Consider the program in Listing 2. This listing is similar to the previous one, the main difference being that the data within the setValueAt method comes from data in a database. The focus of this series of articles is on the use of JTables and not necessarily JDBC. However, the code does warrant a brief explanation. For the sake of brevity I'll discuss only the differences from the first example.

try {
Class.forName("sun.jdbc.odbc.Jdbc
OdbcDriver");
} catch(java.lang.ClassNotFoundException e) {
System.err.print("ClassNotFoundException: ");
System.err.println(e.getMessage());
}

This first block of code loads the "Level 1" Java database driver. The Level 1 driver is often called the JDBC-ODBC Bridge and is used to connect to local databases that support the ODBC interface.

String url = "jdbc:odbc:bradygirls";
Ex1Con= DriverManager.getConnection(url, "", "");
Ex1Stmt = Ex1Con.createStatement();
Ex1rs = Ex1Stmt.executeQuery( "SELECT name, age FROM bradygirls ORDER BY name");

Next, the string containing the URL is built; jdbc:odbc: is specified because the JDBC-ODBC bridge is being used. :bradygirls is the name of the ODBC data source. Note: For this to work, an ODBC data source named bradygirls must be set up on your local machine. This can be achieved via the control panel on Windows machines. In my case, I'm using an MS Access database.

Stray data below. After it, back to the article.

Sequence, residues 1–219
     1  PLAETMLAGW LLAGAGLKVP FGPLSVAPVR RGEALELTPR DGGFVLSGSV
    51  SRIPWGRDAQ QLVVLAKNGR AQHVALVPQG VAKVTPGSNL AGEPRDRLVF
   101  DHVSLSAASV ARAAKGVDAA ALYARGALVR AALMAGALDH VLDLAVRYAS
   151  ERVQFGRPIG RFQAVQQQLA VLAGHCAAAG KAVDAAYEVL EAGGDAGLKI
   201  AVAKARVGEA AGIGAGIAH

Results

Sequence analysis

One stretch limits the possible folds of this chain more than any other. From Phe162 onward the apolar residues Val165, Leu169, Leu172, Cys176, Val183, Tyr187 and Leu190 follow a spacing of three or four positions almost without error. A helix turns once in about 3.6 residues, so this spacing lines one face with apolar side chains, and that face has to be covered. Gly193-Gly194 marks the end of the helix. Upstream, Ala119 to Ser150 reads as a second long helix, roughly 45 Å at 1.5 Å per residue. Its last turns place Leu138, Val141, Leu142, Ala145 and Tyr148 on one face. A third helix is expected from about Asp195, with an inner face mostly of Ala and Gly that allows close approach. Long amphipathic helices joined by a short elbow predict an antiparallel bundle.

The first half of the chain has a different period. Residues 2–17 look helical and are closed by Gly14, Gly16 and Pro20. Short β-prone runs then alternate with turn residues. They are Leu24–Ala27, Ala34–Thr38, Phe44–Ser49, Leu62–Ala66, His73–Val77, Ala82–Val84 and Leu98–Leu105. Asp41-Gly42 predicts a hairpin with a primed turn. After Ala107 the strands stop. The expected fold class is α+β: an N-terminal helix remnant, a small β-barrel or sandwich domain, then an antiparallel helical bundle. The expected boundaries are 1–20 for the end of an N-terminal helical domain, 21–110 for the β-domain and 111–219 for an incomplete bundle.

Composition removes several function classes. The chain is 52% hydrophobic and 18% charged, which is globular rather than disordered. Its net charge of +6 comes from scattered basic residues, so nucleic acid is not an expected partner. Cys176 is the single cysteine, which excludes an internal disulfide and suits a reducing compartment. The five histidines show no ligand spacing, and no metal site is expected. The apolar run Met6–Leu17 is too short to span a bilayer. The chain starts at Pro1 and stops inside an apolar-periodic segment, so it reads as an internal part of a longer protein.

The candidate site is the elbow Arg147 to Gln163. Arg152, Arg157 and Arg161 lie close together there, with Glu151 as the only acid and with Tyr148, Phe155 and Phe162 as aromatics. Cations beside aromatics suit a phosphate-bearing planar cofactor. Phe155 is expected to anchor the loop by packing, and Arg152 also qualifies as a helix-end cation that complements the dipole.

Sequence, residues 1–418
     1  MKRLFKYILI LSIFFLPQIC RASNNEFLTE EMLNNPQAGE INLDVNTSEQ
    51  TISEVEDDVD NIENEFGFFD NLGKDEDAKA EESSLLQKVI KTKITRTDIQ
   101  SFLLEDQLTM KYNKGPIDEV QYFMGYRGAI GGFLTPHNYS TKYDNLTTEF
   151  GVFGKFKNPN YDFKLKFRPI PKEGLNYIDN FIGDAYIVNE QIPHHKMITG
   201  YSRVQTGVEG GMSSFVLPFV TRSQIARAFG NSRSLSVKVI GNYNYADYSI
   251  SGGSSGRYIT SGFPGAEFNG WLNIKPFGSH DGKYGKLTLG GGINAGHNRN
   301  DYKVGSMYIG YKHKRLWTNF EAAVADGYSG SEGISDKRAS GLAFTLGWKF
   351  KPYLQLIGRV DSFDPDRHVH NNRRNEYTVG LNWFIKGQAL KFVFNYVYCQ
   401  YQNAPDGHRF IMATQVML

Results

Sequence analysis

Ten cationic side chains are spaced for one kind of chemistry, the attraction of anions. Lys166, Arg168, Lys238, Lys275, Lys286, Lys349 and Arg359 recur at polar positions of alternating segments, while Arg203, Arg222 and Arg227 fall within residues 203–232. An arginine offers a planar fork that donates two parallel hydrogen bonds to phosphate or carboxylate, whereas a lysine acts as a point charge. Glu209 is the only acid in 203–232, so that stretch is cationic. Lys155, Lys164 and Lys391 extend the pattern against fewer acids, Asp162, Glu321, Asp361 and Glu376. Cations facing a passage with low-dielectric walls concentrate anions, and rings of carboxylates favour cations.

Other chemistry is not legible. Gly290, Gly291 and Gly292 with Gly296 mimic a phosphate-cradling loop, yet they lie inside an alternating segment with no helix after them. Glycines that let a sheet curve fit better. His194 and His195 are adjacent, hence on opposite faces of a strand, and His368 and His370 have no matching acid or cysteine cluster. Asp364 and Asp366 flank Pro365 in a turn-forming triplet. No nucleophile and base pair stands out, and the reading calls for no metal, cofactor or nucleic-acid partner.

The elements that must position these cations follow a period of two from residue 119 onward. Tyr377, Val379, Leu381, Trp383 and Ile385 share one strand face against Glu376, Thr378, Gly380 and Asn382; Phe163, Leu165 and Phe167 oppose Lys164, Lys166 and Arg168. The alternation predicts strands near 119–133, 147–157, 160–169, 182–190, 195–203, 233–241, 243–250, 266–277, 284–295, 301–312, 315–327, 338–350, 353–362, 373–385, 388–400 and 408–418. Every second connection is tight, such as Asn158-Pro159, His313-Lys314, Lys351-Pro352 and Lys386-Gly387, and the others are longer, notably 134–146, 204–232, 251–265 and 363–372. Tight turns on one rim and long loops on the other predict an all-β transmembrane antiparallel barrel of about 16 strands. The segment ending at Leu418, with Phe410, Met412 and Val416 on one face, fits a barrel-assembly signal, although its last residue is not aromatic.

After the database connection has been established a statement class is created, then an executeQuery method is fired. This method takes a string containing a valid SQL statement for an argument. The results of the SQL statement are read into a ResultSet class. Now we're ready to read the contents of the result set and put the data into our JTable.

int li_row = 0;
while (Ex1rs.next()) {
myTable.setValueAt(Ex1rs.getString(1),li_row,0);
myTable.setValueAt(Ex1rs.getNumber(2),li_row,1);
li_row ++;
} // while

The above while block will loop through the result set one row at a time and populate the JTable. The methods used to extract data from the result set are commonly called the getXXXX() methods (with the XXXX being the data type of the column in the result set).

Notice that the first column in a result set is column "1". This is a direct contrast to the first column being "0" in a JTable. This discrepancy can be confusing for a while, but you'll get used to it. Believe me, it's not the only discrepancy you'll find in Java!